Yellowstone, land of ‘charismatic megafauna’ and tourists behaving badly
Established in 1872 when President Ulysses S. Grant signed into law the Yellowstone National Park Protection Act, Yellowstone was the world’s first national park.
It teems with wolves and bears (grizzly and black), moose and elk, deer, bison and coyotes — creatures that biologists call “charismatic megafauna.” The park also features a diverse and otherworldly landscape defined by geysers and mud baths, canyons and lakes, and raging rivers. The park’s architecture is iconic, from the rustic-yet-magnificent Old Faithful Inn to the picturesque cabins for rent at Mammoth and other Yellowstone waypoints.
This explains why 4.1 million people traveled to Yellowstone in 2018, most of them visiting in the window between Memorial Day and Labor Day.
The aggravating crowds thin out once you get more than a mile from a road, but realistically, most Yellowstone visitors stick to the front country. And there, many indulge in their worst impulses — like placing toddlers on the backs of wild bison for photo ops or slathering their extremities with honey to get closer to bears.
It’s not that Yellowstone isn’t great; it is. But it’s better outside of the high summer tourist season. May is typically still snowy in Yellowstone, but fall in the park is sublime.
Location: The majority of Yellowstone is located in Northwest Wyoming, about an hour and 15 minutes north of Jackson.
At Glacier, the same animals, fewer people and last-chance ice sheets
About 400 miles northwest of Yellowstone, Glacier National Park promises equally breathtaking views, the chance to see the same species of charismatic megafauna found in Yellowstone and the highest concentration of glaciers in the Lower 48.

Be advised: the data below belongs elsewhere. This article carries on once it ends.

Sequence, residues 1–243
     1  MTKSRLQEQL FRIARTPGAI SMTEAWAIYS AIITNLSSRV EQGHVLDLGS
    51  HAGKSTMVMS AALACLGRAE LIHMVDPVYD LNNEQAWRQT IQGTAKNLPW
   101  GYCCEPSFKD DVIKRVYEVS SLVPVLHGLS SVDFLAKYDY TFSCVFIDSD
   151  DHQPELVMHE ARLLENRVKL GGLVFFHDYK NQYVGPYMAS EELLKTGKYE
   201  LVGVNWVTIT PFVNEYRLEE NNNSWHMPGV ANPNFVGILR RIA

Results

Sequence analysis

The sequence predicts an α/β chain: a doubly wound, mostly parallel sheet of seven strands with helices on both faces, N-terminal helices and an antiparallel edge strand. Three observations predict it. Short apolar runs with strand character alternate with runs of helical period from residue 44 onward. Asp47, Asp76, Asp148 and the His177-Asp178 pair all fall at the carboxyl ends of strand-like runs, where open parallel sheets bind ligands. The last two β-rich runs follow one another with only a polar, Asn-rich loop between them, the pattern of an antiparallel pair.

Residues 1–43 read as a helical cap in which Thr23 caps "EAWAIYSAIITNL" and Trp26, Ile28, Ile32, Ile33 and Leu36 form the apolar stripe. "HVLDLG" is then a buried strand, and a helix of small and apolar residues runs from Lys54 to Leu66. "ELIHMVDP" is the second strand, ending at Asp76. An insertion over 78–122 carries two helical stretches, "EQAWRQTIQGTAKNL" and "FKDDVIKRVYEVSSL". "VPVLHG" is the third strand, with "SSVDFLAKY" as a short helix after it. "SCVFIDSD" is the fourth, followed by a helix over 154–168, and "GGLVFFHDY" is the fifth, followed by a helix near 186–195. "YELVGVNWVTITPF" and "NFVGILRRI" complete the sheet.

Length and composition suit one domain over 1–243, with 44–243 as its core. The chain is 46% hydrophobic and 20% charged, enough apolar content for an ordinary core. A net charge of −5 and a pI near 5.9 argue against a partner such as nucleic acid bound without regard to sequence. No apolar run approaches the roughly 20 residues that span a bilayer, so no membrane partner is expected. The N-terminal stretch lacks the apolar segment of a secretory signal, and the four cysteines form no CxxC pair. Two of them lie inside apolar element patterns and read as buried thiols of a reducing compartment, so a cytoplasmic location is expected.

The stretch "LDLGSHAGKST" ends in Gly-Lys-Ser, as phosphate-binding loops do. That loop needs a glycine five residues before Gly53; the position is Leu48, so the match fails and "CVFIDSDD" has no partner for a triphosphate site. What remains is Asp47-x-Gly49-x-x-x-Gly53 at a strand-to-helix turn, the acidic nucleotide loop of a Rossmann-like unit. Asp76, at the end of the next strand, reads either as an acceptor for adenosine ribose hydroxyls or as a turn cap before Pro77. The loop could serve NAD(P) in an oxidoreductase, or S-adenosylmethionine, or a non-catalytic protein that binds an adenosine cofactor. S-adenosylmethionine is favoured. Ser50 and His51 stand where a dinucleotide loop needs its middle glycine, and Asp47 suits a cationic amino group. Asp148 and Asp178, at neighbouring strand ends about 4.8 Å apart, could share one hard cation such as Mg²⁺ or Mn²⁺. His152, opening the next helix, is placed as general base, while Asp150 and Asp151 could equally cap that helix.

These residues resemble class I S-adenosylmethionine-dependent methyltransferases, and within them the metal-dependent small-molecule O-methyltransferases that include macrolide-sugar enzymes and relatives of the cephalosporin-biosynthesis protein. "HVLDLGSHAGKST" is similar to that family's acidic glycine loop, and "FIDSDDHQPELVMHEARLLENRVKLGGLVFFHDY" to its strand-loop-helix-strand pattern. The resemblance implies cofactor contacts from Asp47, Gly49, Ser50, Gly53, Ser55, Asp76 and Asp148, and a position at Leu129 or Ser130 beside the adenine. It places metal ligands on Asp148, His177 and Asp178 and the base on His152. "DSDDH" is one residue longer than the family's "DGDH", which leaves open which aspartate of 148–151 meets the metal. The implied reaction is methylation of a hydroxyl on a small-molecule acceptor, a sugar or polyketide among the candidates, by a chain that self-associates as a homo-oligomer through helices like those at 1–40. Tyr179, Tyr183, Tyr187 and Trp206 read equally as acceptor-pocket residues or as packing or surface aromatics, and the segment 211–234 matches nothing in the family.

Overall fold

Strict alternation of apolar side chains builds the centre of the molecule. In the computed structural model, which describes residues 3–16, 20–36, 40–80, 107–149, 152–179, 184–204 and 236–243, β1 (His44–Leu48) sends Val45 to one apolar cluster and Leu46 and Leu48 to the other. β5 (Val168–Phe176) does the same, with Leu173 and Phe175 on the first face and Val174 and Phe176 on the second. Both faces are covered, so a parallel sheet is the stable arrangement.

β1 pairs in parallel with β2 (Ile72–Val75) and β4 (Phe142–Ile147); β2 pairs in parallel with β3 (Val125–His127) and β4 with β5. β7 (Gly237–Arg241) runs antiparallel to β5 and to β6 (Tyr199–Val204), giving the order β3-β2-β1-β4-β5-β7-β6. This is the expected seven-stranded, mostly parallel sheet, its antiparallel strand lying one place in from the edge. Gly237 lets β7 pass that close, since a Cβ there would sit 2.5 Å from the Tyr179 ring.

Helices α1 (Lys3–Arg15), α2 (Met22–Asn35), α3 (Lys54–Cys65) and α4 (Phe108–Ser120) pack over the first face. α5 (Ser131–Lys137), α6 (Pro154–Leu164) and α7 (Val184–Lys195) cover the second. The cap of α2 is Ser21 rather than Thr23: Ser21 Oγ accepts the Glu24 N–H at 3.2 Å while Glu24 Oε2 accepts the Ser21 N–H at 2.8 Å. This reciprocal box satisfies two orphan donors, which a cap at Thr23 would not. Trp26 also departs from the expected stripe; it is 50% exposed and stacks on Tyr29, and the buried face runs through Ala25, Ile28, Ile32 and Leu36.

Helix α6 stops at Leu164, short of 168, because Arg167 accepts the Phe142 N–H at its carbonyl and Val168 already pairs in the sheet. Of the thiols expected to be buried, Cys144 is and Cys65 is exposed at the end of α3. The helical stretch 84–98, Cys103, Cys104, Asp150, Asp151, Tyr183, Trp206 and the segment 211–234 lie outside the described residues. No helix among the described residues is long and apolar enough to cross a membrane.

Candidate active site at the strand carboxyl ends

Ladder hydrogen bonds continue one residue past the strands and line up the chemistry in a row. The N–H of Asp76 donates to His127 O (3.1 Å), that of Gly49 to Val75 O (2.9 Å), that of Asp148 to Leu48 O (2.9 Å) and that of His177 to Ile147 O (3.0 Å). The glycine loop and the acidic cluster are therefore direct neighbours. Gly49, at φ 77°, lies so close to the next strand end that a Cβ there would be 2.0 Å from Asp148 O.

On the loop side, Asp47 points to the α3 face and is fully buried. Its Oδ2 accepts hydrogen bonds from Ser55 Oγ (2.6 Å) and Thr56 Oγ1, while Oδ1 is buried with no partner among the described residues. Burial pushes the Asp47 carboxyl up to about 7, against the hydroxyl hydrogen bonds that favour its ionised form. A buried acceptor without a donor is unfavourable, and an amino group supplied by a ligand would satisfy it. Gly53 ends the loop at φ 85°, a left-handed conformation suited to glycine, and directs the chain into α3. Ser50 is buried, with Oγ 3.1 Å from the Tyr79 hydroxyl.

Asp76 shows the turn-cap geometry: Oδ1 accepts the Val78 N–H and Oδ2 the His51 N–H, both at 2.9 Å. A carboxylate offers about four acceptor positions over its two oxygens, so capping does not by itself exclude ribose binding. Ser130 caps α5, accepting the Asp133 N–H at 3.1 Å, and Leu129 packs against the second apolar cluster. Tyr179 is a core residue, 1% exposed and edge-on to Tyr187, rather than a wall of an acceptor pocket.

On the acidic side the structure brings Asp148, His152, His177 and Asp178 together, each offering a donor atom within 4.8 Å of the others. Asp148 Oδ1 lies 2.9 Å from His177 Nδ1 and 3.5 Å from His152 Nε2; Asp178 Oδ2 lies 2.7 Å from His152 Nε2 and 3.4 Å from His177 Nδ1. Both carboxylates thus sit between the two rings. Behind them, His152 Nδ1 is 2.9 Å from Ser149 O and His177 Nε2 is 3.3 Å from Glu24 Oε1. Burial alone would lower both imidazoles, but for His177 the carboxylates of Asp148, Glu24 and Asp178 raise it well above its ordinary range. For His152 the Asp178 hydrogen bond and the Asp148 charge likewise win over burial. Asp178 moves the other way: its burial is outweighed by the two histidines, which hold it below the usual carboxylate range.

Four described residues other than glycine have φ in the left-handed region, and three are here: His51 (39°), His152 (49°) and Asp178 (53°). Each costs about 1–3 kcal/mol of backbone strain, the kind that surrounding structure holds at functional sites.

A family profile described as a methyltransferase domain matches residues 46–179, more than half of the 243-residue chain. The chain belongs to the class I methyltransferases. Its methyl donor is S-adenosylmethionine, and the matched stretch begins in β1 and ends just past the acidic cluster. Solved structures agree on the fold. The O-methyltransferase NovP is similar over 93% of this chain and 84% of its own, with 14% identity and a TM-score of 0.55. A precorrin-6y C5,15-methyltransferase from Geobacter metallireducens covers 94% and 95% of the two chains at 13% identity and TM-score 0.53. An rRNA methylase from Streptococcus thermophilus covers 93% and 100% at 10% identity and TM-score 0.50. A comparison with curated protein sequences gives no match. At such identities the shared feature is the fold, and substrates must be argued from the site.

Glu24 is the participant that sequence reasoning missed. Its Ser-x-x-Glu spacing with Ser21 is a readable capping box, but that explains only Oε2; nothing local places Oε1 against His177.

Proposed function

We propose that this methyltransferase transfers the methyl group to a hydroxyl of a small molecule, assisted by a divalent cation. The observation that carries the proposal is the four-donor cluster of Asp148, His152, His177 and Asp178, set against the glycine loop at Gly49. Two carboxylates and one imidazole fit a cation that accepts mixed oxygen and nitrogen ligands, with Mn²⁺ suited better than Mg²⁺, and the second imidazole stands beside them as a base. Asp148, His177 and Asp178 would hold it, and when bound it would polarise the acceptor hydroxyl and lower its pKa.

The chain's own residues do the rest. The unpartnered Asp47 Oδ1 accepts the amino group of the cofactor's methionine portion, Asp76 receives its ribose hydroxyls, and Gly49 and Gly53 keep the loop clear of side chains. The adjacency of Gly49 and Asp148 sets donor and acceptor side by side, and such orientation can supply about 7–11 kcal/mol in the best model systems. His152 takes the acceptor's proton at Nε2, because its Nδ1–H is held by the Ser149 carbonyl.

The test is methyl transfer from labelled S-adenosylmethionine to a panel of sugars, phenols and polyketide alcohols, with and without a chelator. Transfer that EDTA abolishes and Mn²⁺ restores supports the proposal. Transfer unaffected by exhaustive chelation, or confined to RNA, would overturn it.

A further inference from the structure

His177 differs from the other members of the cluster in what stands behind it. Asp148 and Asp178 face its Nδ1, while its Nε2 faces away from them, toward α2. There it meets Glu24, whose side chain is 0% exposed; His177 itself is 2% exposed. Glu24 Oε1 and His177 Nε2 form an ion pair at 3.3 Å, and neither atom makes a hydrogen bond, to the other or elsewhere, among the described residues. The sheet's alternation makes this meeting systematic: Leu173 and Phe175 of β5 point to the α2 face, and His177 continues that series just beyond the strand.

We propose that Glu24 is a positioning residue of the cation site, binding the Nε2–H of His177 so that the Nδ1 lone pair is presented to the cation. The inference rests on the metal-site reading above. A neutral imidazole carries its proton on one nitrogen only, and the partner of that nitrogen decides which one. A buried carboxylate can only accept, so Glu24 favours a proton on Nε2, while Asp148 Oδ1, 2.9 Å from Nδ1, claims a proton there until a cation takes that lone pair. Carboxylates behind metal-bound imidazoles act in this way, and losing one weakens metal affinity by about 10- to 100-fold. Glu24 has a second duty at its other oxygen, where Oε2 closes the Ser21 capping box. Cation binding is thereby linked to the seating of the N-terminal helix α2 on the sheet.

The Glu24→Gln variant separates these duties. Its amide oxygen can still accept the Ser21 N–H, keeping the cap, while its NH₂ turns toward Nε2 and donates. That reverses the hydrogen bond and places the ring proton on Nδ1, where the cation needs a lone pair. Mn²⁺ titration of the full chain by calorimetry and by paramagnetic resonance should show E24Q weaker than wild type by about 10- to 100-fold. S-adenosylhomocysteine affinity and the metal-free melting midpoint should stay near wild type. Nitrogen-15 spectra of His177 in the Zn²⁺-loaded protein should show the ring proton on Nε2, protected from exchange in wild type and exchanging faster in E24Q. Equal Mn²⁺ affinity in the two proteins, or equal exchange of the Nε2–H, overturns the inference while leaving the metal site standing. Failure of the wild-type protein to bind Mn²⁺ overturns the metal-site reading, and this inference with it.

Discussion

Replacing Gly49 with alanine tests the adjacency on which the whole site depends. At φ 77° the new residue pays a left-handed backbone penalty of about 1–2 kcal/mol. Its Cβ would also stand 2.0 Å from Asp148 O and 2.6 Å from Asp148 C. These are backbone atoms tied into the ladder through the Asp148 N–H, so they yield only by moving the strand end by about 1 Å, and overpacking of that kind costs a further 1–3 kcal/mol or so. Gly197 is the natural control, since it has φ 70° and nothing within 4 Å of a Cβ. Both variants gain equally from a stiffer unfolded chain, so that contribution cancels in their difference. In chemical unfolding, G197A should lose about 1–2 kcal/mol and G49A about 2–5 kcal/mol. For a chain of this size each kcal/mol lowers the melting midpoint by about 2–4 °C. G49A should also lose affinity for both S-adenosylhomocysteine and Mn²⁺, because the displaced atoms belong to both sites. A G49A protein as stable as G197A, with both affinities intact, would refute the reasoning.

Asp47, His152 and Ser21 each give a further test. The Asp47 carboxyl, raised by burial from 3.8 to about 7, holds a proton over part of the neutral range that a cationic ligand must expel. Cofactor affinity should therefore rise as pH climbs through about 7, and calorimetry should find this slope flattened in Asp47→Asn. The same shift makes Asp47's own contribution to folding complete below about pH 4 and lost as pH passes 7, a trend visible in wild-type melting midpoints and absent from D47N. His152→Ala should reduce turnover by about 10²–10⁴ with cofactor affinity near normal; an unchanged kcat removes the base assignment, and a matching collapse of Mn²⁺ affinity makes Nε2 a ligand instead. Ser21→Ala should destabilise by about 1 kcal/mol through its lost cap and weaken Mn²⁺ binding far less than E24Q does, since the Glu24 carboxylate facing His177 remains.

To be clear, Glacier — the 10th national park, established in 1910 — is not undiscovered. But by virtue of its remote location, it has about 1.1 million fewer annual visitors than Yellowstone. And if you bring your passports, you can cross the border to Canada’s adjacent Waterton National Park — combined, Glacier and Waterton create the world’s first International Peace Park — for an even more remote experience.
The free in-park shuttle makes getting around Glacier relatively easy. There’s a regular two-way shuttle along its main thoroughfare — the mountain-hugging, heart-thumping, 50-mile-long Going-to-the-Sun Road — as well as an additional hiker shuttle between popular trailheads. The park offers more than 700 miles of hiking trails ranging in length and skill level.
Lakes and rivers abound, from the huge St. Mary Lake, which is popular among boaters and a lovely spot from which to view glaciers, to unnamed crystalline mountain ponds. And, of course, the park has its eponymous glaciers. Scientists estimate there were more than 150 glaciers covering the park’s jagged peaks in the mid-1800s; today, there are 25. While that statistic may be dispiriting, the park has extensive opportunities to view the remaining glaciers and to learn about them — as well as the impacts of a warming climate and receding ice sheets — at visitors centers or on hiking and boat tours.
In addition to being a stunning, expansive refuge defined by bold landscapes and wild inhabitants, Glacier is also a crucible of western history: It was home to Native American tribes, fur traders, miners and settlers before rail travel — which was instrumental in the establishment of the park — started bringing scores of tourists. Summer visitors can still take Amtrak’s “Empire Builder” line from Chicago to the park.
Walker is a writer based in Boulder, Colo. Find her on Twitter: @racheljowalker.